About a million years ago I lived in Germany, and nobody does Christmas or Christmas confectionery like the Germans.
These rich buttery cookies are the perfect Christmas cookie. I have used pistachios but you could use any type of nut you prefer. These are quite rich, but they aren’t something you’ll be eating everyday. They also make great Christmas gifts.
You could also swap out the vanilla extract for almond essence or pistachio paste if you want to experiment with different flavours.
(Makes 24 cookies)
95 Grams Ground almonds
75 Grams Sugar
270 Grams Plain flour
25 Grams Pistachios (chopped)
225 Grams Butter (chilled and cut into cubes)
1 Tsp Vanilla extract
Add all the dry ingredients to a mixing bowl and combine
Add the vanilla extract and butter, and rub the butter into the dry mix (you can also use a food processor to do this)
When the butter has been rubbed into the dry mix, start pressing together to form a dough
Wrap the dough in cling film and chill for 30 minutes
Preheat your oven to 180 degrees (Celsius), and line a baking sheet with baking parchment
Take the dough out of the fridge and turn out on a lightly floured surface
With your hands, roll the the dough into a sausage and divide into 24 equal parts
Shape each section of dough into a half moon shape with your hands and place on your prepared baking sheet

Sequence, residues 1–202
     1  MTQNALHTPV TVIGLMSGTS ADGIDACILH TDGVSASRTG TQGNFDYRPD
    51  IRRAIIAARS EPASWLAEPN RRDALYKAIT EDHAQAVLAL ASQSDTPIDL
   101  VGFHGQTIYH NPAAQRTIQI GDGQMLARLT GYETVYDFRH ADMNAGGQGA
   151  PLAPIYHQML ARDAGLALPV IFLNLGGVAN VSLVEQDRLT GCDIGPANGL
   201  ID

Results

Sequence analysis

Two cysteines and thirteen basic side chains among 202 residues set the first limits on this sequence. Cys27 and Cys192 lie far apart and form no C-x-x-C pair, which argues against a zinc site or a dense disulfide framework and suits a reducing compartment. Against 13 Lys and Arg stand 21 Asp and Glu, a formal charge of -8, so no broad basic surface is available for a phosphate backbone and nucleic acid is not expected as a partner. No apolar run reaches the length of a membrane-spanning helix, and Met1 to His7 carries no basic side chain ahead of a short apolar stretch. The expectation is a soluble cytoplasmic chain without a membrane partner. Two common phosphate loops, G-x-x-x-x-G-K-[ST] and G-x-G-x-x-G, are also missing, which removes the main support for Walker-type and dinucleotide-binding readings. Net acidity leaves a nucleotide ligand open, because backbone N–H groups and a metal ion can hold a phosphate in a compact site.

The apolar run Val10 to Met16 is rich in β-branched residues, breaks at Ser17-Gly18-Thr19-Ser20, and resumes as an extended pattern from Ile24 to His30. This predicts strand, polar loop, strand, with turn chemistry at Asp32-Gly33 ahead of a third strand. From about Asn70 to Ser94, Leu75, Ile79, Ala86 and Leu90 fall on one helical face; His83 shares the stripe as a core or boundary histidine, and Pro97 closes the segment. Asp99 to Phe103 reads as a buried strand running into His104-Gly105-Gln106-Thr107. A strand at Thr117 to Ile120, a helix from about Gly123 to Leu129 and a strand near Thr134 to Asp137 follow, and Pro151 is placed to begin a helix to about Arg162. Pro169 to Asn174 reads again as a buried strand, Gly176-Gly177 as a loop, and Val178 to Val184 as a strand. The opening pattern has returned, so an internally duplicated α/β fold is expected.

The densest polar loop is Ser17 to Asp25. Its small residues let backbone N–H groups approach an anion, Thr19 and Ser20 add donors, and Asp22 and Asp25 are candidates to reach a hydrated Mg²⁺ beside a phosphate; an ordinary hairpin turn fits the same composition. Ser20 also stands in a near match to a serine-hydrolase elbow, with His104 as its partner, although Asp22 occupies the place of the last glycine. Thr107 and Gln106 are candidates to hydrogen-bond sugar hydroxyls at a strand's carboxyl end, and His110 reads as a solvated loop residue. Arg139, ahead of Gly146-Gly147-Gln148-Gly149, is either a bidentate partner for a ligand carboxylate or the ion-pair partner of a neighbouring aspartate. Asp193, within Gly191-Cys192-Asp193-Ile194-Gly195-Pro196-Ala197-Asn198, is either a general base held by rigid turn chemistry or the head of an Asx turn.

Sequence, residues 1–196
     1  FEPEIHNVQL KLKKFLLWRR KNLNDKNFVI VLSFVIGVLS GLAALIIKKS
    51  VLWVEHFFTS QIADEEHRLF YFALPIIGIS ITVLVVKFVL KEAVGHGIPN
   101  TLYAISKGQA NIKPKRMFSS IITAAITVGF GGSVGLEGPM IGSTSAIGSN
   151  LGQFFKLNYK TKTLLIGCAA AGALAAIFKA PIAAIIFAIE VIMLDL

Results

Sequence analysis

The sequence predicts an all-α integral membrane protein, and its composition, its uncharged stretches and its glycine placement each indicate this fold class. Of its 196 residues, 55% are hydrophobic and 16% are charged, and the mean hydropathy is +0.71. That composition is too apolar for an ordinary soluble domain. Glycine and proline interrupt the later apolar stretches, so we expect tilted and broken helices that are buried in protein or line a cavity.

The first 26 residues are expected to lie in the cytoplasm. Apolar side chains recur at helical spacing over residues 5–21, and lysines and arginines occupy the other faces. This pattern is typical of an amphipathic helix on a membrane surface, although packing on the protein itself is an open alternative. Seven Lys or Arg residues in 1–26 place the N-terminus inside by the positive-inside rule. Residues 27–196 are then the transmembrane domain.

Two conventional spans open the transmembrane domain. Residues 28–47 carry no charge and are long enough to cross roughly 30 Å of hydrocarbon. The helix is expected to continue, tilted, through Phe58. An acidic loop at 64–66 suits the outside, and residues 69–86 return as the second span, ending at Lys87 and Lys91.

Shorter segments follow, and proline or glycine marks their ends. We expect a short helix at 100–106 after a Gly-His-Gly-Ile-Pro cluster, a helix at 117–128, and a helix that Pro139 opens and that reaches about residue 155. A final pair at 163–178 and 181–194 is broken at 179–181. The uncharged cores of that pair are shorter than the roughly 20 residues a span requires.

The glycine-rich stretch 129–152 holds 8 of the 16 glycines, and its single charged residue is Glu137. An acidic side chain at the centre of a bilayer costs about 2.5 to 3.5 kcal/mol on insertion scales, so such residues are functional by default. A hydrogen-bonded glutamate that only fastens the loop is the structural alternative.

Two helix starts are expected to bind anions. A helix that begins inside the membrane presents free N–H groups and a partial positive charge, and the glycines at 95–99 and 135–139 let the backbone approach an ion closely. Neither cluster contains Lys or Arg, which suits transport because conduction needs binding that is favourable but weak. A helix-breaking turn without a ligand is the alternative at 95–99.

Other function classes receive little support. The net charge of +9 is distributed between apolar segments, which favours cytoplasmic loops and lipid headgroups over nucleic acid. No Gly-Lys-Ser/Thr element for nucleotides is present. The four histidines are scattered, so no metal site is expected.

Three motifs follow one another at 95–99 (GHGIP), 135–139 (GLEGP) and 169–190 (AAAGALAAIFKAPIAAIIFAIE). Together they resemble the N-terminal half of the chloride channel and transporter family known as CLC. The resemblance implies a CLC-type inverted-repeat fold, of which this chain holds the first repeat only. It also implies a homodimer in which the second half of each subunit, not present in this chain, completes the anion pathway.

Bake for 12-15 minutes until the cookies start to brown at the edges
Remove from the oven and cool on a wire wrack
When cool, dust liberally with icing sugar
The cookies can be stored in an airtight container for 2-3 days
I love learning about new recipes from other people and hearing about their food traditions. One of my bosses Amanda, is Australian, and she mentioned these as being a real institution back in OZ. The recipe she shared was from BBC Good Food, and these are scrummy.
The name comes from Australian and New Zealand Army Corp, and legend has it people originally made these to send with care packages to soldiers during the first world war because the ingredients didn’t spoil easily. Other people claim they were never sent in care packages, but were sold at bake sales etc. to raise funds for returning veterans. They’re now baked to commemorate ANZAC day on 25 April each year.
How long you cook these for will depend on the type of biscuit you want (chewy or crisp). I’ve also seen recipes that include ground ginger, and I think this would make a cracking addition. One of my work mates tried drizzling chocolate over hers, which would also be scrummy (thanks for the suggestion Tina). Which ever version you try they will taste pretty amazing and are easy to make from ingredients you might already have. They will live quite happily in an airtight tin for 4-5 days.
100 Grams Plain Flour
100 Grams Butter
100 Grams Caster Sugar
85 Grams Porridge Oats
85 Grams Desiccated Coconut
1 Tbsp Golden Syrup
1 Tsp Bicarbonate of Soda
Heat your oven to 180 degrees, and line a cookie sheet with baking parchment
Add the flour, sugar, oats and coconut to a bowl and mix well before making a well in the centre
In a separate bowl, add the butter and golden syrup and melt in a microwave (I usually do 30 seconds at a time)
In a cup add the bicarbonate of soda and stir in 2 tablespoons of boiling water, before stirring into the melted butter
Stir the melted butter into the dry mix and stir until fully incorporated
Scoop dessertspoonful’s of the mix onto the baking sheet, leaving gaps of 2-3 cm between each biscuit, as they will spread
Cook in your preheated oven for 10 mins for a chewy biscuit, or 15 mins or longer if you want a more crispy biscuit